I don’t usually read anything special for Banned Books Week. I just don’t go out of my way to read books that have been challenged in libraries or schools. I have read several, but that was because I wanted to read them or had to for a class, not to “Read a Banned Book.” This year, however, as I was reading some of the Banned Books Week coverage, there was an article which of course I can’t find right now, but the girl in it after having had And Tango Makes Three read to her class or group was so happy because it depicted a family that resembled hers. I had heard of the book before but had never read it, so since our library had a copy available I picked it up last night.
And Tango Makes Three is a cute little story aimed at preschoolers and young elementary kids. Two male penguins, Roy and Silo, spend all their time together at the Central Park Zoo. They swim together, walk together, sing together, and eventually they build a nest together. They can’t have an egg of their own, so they are given one by the zoo keeper to hatch, one whose parents probably wouldn’t be able to hatch it. Both penguins take turns caring for the egg and eventually it hatches. A beautiful little girl penguin, Tango, joins their family.
The book has been challenged because of its depiction of homosexuality and being inappropriate for the age group it is geared toward, which is just silly. I personally think it’s a cute heart-warming tale. Families are about love, about caring for each other.
Sometimes, families don’t fit the standard mold, but they are still families.
At night the three penguins returned to their nest.
There they snuggled together and, like all the other penguins in the penguin house, and all the other animals in the zoo, and all the families in the big city around them, they went to sleep.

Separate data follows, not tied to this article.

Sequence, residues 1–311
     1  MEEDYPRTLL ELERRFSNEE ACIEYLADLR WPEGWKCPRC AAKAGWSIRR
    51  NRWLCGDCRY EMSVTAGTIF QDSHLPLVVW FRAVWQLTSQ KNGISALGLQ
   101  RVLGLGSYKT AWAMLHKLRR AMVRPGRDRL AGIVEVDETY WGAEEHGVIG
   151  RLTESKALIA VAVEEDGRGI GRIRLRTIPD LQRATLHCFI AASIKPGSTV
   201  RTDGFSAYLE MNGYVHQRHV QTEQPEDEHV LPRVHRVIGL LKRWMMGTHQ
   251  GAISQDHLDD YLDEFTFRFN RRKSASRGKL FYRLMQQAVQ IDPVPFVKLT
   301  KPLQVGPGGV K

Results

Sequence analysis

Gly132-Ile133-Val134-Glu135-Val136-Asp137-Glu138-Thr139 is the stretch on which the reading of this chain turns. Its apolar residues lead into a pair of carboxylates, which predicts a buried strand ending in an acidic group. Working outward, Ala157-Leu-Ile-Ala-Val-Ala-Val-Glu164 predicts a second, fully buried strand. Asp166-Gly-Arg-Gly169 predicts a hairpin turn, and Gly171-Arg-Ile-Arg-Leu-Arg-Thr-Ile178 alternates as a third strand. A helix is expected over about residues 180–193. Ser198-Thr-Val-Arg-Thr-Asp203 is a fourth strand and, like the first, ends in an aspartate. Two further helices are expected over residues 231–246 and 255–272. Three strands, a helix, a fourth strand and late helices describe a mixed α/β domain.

And honestly, I think that’s the message that kids will get. So what if Tango has two daddies, at least they love her. Our kids today are surrounded by different family structures, at times I think Amber’s in the minority. I think that it’s nice to have books that represent that diversity. The water color illustrations by Henry Cole are cute. Of course, how can you go wrong with penguins, I don’t know of any other animal has quite that combination of adorable and goofy.
There was two spots though, that I wasn’t quite comfortable. The zookeeper at one point thinks to himself that Roy and Silo “must be in love.” I think we were shown that, it didn’t have to be spelled out. It just felt off from the rest of the book. The other was when they decided to name the baby penguin Tango because it “takes two to make a Tango.” Kids just aren’t going to understand that statement.
I think its too easy as adults to read a message into the story, to forget that kids aren’t going to look as deeply into it as we do. And oh, no, it might encourage kids to treat people who are different from them nicely. Horror of horrors!
It’s a sweet story. I don’t think I would have had a problem reading this to Amber when she was younger. And yes, I had tears in my eyes at the end. (I am such a wuss.) I was happy for Roy and Silo, they had the little family they longed for.
3½ out of 5 stars
Category: Picture Book – Animals
Published June 2005
Book source: Library